FreeSurfer is an open source software package for the analysis and visualization of structural and functional neuroimaging data. It is developed by the Laboratory for Computational Neuroimaging at the Athinoula A. Martinos Center for Biomedical Imaging. It’s a really useful tool that allows for automated processes as well as manual interventions, mainly through it’s GUI, Freeview.
I started using FreeSurfer and Freeview last year and, albeit the documentation being quite thorough, I had a harder time navigating the website than I expected.
So here are a few tricks to make your handling FreeSurfer’s GUI, Freeview, easier and faster!
1. Starting Freeview
You can start freeview by just typing
freeview in your command line and then
opening the files you want. Of course, you will be far better off if you write
a small script with your usual calls.
The command options available for Freeview are:
|-v||load a volume file|
|-l||load a label file|
|-dti||load one or more dti volumes|
|-f||load a surface|
I have the following script saved under my
export SUBJECT='<subject name>' freeview -v \ $SUBJECT/mri/T1.mgz \ $SUBJECT/mri/wm.mgz \ $SUBJECT/mri/brainmask.mgz \ -f \ $SUBJECT/surf/lh.white:edgecolor=blue \ $SUBJECT/surf/lh.pial:edgecolor=yellow \ $SUBJECT/surf/rh.white:edgecolor=blue \ $SUBJECT/surf/rh.pial:edgecolor=yellow
So, if I want to analyze, let’s say, subject bert’s images, I just open my
script with a text editor and change
<subject name> to
bert (which is this
subject’s folder name).
Then, I can open a terminal, navigate to my
subjects/ folder and type:
For more information on how to use the
freeview command, type:
You’ll get a list of the available sub-options to make the most out of your image visualization!
All right, we have opened Freeview and we’re ready to start interacting with the GUI!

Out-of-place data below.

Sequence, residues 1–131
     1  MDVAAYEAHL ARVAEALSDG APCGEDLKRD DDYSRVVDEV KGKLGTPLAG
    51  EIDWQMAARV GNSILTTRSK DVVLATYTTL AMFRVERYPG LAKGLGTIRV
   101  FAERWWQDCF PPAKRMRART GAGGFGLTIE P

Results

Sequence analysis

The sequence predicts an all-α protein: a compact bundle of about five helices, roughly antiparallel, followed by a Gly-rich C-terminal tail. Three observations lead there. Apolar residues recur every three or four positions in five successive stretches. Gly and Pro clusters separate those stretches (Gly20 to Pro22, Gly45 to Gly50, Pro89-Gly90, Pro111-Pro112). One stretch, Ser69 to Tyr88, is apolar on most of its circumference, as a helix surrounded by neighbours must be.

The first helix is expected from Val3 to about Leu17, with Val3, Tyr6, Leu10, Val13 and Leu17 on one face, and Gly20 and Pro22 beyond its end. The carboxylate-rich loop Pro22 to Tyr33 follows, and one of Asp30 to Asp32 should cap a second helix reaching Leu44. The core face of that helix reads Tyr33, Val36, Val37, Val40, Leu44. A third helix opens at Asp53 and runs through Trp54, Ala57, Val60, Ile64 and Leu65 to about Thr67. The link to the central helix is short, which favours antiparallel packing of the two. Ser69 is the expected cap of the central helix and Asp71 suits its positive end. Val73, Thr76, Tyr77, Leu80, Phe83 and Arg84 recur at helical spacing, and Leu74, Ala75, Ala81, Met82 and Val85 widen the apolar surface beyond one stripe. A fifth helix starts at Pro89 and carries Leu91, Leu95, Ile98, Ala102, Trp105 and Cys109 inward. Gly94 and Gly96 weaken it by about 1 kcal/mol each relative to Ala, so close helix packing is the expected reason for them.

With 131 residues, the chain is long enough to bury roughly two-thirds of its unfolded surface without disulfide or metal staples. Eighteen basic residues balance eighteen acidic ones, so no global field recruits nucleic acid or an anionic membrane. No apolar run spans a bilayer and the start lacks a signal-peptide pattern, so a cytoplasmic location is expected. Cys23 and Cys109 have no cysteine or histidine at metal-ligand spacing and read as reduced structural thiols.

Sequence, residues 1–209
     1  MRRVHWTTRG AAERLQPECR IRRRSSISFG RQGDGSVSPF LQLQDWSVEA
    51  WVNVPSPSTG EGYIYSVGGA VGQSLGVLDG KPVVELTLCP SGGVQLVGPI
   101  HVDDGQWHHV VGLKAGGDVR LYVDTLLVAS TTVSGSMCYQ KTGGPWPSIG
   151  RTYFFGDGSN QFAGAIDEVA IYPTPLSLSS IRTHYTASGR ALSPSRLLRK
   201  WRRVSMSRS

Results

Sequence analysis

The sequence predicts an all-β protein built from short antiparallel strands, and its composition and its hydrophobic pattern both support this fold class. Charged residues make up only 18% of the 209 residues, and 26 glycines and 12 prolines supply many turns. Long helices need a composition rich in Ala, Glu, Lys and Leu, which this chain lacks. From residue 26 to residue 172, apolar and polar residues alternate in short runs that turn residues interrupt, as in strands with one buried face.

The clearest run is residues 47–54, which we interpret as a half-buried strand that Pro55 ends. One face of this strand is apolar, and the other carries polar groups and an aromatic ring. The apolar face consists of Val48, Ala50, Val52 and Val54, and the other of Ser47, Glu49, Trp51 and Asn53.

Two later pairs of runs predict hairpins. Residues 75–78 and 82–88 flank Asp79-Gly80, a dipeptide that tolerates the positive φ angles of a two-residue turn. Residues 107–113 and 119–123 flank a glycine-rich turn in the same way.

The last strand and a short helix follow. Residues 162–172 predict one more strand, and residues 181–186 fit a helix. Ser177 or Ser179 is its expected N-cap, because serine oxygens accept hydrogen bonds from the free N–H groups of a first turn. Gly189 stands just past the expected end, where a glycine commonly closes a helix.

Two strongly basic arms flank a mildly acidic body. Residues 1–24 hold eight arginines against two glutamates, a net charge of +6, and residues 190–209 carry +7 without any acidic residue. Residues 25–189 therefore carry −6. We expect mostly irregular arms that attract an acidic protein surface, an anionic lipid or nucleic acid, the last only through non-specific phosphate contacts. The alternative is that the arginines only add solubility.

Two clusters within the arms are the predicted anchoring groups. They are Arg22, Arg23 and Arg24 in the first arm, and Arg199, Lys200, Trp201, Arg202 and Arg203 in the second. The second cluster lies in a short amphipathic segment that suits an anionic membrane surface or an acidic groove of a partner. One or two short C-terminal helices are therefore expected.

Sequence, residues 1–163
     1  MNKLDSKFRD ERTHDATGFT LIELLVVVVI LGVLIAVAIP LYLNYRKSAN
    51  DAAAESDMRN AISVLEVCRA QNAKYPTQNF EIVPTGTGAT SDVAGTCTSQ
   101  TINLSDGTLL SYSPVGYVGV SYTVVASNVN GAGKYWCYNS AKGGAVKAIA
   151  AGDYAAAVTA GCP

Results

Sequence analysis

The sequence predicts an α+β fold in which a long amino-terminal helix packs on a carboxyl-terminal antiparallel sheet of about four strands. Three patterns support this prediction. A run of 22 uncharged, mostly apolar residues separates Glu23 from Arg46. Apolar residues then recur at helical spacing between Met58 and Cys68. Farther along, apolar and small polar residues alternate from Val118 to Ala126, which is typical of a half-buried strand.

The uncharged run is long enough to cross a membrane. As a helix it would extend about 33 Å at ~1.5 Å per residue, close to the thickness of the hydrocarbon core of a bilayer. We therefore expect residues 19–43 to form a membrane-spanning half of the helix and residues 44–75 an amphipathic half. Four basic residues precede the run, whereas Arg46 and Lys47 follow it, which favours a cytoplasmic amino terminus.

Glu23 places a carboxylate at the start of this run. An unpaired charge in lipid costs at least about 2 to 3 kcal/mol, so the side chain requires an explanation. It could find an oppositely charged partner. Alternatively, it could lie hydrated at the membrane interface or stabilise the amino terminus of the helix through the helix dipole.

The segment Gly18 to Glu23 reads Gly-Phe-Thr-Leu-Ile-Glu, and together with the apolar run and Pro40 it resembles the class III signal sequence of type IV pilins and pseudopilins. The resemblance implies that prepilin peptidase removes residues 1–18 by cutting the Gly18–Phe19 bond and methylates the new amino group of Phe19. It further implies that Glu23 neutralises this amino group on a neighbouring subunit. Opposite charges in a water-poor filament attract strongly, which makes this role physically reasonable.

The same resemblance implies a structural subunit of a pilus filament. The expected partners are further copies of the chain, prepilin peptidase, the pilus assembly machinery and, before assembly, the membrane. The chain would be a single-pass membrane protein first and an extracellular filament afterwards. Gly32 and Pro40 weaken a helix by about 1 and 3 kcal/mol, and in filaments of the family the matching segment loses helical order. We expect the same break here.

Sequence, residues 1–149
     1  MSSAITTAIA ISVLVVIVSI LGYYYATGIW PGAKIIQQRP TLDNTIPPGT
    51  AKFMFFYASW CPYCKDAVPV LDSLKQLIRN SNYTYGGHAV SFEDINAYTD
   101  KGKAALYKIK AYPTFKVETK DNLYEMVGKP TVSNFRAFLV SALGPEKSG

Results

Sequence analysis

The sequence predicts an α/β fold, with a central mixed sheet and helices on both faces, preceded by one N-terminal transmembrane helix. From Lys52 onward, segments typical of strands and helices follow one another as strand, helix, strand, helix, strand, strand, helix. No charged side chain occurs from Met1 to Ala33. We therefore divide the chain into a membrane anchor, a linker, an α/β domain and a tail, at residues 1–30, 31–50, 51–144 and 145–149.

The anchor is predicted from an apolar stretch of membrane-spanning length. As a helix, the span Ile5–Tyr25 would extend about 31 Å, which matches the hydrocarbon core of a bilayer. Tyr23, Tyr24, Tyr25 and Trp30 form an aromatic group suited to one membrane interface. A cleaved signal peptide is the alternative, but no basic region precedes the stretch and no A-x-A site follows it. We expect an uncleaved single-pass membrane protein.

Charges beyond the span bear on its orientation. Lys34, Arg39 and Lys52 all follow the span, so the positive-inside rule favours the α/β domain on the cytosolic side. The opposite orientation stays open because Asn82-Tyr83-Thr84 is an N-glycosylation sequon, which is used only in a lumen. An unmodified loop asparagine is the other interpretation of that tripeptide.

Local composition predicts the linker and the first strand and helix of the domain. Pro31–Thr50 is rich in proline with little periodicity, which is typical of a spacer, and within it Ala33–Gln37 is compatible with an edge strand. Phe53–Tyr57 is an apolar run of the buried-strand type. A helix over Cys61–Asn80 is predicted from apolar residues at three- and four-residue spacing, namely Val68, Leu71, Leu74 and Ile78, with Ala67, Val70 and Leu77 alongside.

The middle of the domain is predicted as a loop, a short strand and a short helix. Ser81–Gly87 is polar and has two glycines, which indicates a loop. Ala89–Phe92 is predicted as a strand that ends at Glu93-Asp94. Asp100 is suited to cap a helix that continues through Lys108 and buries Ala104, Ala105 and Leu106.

2. Check out the available Freeview keyboard shortcuts!
This single trick will save you an amazing amount of time. I have been working with CentOs and a few shortcuts I have found by experimenting are:
|Alt + N||Navigate Tool|
|Ctrl + E||Recon Edit Tool|
|Alt + E||Voxel Edit Tool|
|Ctrl + F||Toggle all surfaces|
|Alt + C||Alternate between volumes/surfaces|
|Ctrl + P||Toggle left side menu|
|Ctrl + T||Point set edit|
|Ctrl + R||Reset View|
|Alt + X||Show sagital images|
|Alt + Y||Show axial images|
|Alt + Z||Show coronal images|
|Alt + A/D||Decrease/Increase opacity of currently highlighted volume|
|Ctrl + D||Hide brainmask|
|Alt + F||Toggle currently highlighted surface|
|Alt + U||Show cursor|
You’ll find other shortcuts under this link. I’ll copy the most useful ones here for convenience:
|Ctrl + S||Save|
|Ctrl + Z||Undo|
|Ctrl + Q||Exit Freeview|
|Ctrl + O||Load Volume|
|Up/Down Arrow Keys or PageUp/PageDown||Change slice|
|Scroll or Drag-Right-Click||Zoom In/Zoom Out|
|Ctrl + Up/Down/Left/Right (arrow keys)||Moving volume (Panning)|
|Alt + V||Toggle currently highlighted volume|
|Shift-Drag Left Click||Adjust Contrast/Brightness|
|Zoom in at current location||Ctrl-Left-Click (or scroll)|
|Zoom out at current location||Ctrl-Right-Click (or scroll)|
When you’re in Voxel/Recon/ROI edit mode:
|Draw / Fill||Left Click|
|Erase / Erase Fill||Shift+Left Click|
That concludes this short tutorial about Freeview! If you want to read/know more, the full Freeview Guide can be found here. Also, check out this cool Freeview demo.